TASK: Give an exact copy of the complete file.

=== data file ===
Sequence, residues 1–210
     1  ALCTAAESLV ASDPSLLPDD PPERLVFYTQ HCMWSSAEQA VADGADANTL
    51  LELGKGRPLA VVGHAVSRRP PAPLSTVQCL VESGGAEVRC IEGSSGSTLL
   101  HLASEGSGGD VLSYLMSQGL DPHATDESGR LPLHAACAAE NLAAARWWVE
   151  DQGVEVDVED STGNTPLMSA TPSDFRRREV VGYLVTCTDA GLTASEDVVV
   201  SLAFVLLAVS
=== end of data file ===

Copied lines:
Sequence, residues 1–210
     1  ALCTAAESLV ASDPSLLPDD PPERLVFYTQ HCMWSSAEQA VADGADANTL
    51  LELGKGRPLA VVGHAVSRRP PAPLSTVQCL VESGGAEVRC IEGSSGSTLL
   101  HLASEGSGGD VLSYLMSQGL DPHATDESGR LPLHAACAAE NLAAARWWVE
   151  DQGVEVDVED STGNTPLMSA TPSDFRRREV VGYLVTCTDA GLTASEDVVV
   201  SLAFVLLAVS